Everyone knows about the annual Harvard-Yale football game, but another, if slightly less popular, tradition is the annual debate between students at Yale’s School of Management and HBS. The night before the game, Luce Hall in New Haven was filled to overflowing as the two teams entered. The fourth annual Leadership and Ethics Forum debate began with music, painted banners, and cheers and jeers reflecting the long-standing rivalry between the schools.
Each side had a single hour to prepare their arguments for the topic: “Be it resolved that the CEOs of United States-based multinational corporations should develop and promote a code of international conduct for their businesses in order to prevent U.S. cultural imperialism abroad.”
The HBS team, evenly split between first and second years, men and women, and (among the second years) Septembers and Januaries, won the coin toss and opted to argue the Opposition position.
“Even if cultural imperialism is a problem,” Michelle Crames (NF) put forth in the opening Harvard presentation, “CEOs are ill-equipped to address it.” As multi-national corporations are the root cause of cultural imperialism, the leaders of those companies are not the right people to be finding the solution.
It would be, as Michael Echenberg (OI) further argued effectively in his rebuttal, “Like the fox guarding the hen house.”
Aparna Piramal (OD) conducted the cross-examination quietly and confidently, elucidating through reference to the U.K.’s reliance on common law that explicit codes, or Constitutions, are not always required or desired for governing behavior. Will Azeff (NK) ended with a spirited closing, drawing out several inconsistencies in the Affirmative position.
Yale School of Management, arguing the Affirmative position, started off with Melissa Tomlinson ’03, followed by Davin Bernstein ’02, John Dusza ’03, and Javier Aguello ’03.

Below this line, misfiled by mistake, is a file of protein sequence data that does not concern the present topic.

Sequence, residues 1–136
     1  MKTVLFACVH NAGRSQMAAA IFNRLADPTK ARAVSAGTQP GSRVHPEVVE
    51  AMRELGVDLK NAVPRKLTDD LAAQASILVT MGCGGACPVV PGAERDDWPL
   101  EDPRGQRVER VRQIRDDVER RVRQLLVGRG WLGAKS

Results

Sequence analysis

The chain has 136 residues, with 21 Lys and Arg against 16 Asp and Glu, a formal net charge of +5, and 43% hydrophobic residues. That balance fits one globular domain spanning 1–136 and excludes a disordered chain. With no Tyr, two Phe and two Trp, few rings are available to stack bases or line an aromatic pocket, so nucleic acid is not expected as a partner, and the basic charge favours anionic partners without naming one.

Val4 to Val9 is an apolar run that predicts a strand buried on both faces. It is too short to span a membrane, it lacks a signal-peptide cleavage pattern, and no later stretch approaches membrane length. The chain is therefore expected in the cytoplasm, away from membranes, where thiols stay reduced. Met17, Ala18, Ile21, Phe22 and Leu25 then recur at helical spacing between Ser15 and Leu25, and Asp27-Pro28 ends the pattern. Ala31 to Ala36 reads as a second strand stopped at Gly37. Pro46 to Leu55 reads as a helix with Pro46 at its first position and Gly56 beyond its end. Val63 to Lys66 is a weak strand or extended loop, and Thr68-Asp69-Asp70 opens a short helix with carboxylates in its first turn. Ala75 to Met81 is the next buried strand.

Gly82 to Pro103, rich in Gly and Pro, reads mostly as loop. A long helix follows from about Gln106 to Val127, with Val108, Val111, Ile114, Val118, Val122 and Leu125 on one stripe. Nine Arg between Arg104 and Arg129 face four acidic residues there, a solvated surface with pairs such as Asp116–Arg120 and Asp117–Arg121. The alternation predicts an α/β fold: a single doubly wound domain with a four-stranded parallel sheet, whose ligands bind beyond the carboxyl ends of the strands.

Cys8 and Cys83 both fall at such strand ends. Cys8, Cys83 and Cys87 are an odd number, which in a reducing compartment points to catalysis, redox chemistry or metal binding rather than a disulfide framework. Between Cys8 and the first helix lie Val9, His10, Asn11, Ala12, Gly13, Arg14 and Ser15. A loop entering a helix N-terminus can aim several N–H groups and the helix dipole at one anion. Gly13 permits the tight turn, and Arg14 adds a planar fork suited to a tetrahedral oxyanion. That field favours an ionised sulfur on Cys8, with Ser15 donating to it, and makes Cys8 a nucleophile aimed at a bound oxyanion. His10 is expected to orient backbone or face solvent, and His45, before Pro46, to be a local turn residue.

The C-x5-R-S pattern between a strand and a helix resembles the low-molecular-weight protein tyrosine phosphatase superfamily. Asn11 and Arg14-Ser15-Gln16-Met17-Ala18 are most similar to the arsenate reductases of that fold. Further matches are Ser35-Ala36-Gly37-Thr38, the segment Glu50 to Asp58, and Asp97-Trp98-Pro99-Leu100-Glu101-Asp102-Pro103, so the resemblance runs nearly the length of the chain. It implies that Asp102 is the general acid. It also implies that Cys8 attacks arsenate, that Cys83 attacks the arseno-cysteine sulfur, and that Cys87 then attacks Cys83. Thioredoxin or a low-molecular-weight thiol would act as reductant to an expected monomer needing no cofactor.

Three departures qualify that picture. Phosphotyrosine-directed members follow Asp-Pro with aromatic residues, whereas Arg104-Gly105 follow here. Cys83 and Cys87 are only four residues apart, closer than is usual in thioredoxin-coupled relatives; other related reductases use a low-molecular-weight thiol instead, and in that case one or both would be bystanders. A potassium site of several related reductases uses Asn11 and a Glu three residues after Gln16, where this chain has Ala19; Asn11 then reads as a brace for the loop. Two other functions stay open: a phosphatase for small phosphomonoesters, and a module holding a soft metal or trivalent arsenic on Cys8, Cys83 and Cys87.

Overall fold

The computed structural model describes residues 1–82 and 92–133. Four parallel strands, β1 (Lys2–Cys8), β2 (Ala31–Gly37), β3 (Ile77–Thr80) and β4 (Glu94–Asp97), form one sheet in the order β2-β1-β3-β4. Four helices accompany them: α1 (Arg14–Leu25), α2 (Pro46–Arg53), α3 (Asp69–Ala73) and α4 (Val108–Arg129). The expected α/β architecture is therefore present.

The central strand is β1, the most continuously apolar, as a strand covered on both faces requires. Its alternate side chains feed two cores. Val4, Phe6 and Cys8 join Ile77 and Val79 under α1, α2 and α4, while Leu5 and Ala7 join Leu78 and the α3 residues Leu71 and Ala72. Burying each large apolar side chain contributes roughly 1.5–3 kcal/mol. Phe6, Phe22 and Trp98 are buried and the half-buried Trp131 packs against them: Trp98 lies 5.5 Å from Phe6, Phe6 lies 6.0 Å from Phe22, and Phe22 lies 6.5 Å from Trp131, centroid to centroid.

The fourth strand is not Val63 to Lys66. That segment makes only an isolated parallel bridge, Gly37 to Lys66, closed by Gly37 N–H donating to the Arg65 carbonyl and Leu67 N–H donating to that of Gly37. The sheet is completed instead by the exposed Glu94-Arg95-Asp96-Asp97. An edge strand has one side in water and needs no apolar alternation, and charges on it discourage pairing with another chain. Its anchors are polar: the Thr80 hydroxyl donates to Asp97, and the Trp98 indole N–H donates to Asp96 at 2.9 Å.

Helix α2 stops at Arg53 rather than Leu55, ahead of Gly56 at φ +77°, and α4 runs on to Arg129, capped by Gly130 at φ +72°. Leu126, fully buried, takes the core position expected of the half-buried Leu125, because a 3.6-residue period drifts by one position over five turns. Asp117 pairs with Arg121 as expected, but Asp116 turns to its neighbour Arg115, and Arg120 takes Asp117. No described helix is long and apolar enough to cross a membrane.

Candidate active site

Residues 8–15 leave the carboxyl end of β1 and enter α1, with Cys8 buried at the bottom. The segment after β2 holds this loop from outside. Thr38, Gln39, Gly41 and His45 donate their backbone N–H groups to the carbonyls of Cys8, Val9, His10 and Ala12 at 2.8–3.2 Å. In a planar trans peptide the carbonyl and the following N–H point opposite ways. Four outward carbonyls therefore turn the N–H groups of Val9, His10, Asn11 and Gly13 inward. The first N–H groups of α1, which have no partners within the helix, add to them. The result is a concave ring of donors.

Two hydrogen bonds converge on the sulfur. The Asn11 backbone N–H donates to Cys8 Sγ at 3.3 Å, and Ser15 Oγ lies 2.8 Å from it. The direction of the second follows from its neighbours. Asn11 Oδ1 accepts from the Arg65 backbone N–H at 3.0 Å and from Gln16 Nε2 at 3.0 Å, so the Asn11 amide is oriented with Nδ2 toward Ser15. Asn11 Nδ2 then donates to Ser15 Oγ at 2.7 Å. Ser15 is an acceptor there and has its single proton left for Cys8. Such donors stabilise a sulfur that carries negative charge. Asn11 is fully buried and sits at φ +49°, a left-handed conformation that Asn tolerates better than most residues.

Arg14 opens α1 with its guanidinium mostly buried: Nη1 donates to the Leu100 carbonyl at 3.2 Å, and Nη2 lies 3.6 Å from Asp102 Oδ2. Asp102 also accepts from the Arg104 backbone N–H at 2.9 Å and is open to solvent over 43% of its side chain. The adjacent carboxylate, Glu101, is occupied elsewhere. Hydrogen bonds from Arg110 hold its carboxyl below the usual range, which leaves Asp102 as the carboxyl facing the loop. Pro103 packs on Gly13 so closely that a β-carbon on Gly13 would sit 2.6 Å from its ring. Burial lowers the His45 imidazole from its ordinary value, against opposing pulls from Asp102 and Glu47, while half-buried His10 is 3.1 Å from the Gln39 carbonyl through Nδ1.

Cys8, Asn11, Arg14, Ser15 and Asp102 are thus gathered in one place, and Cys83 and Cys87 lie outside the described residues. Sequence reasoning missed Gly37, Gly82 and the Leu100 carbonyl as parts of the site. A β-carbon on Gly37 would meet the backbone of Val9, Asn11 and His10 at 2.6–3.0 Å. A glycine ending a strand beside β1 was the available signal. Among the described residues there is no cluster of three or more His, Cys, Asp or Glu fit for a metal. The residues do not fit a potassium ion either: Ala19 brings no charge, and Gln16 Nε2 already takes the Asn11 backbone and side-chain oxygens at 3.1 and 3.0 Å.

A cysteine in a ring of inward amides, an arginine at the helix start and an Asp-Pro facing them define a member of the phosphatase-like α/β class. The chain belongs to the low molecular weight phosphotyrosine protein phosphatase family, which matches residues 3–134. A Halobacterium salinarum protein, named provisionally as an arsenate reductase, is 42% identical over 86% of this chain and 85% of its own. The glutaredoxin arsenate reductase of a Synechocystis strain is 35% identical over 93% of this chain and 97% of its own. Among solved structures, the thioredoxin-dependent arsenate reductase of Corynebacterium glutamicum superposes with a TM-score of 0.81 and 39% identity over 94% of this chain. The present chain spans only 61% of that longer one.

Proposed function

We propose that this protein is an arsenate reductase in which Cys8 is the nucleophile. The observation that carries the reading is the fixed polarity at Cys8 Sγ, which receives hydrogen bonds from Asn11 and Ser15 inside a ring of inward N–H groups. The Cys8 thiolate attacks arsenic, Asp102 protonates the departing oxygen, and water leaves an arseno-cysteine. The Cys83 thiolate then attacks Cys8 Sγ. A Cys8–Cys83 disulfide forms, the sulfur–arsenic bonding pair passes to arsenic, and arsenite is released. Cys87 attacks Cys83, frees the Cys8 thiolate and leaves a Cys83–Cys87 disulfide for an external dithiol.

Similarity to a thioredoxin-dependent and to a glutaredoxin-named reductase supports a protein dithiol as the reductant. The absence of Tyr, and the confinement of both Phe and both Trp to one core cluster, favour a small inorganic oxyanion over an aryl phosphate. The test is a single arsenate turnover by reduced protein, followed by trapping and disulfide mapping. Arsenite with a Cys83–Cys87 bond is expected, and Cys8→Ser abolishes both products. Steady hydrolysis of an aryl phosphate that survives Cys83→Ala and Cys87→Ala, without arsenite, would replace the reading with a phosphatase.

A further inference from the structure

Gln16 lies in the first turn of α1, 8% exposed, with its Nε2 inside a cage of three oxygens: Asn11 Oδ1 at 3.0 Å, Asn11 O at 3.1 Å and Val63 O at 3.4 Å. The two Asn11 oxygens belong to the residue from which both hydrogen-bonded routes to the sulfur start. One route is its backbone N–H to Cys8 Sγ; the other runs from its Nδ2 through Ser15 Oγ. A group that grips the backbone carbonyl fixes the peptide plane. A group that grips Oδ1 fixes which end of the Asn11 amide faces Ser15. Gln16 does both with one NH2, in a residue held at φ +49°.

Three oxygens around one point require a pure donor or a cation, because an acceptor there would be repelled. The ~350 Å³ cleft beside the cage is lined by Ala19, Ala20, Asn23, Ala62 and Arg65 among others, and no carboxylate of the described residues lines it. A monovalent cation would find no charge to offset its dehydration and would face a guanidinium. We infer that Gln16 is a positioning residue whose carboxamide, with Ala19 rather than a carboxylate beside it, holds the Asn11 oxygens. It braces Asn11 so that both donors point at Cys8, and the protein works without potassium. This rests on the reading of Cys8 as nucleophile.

The judges included HBS Professor William J. Poorvu, who received his BA from Yale and an MBA from HBS; Jeffrey Sonnenfeld, Yale Professor and Associate Dean for Executive Education, who received his AB, MBA, and DBA from Harvard; and Joel Schiavone, entrepreneur and real estate developer (and recent candidate for Mayor of New Haven), who received his BA from Yale and an MBA from HBS.
Special thanks go to the organizers of the event, Arsheya Devitre (OH), Heba El-Gabaly (OH), Jason Lockwood (OF), and Mardie Oakes (OH) from HBS, and, from Yale, Davin Bernstein ’02, Deborah Cronen ’02, Beth Farrelly ’02, and MC Chad Troutwine ’02. Yale Professors Jonathan Koppell & Sandra Spataro served as faculty advisors.
As a parliamentary style debate, points were awarded according to strength of argument, style, and persuasiveness. In their closing remarks, the judges commented on the strengths and weaknesses of each of the debaters and their arguments. In the end, they said, the balance of their decision rested on style and persuasiveness rather than the strength of the arguments. For the fourth year in a row, the cup went to the hosting team.
The HBS team took their defeat in stride. “I think I speak for us all,” Azeff said, “when I say that despite the judges decision, HBS rocked the house! Next year, the debate will be at our house and we will return glory to Cambridge.”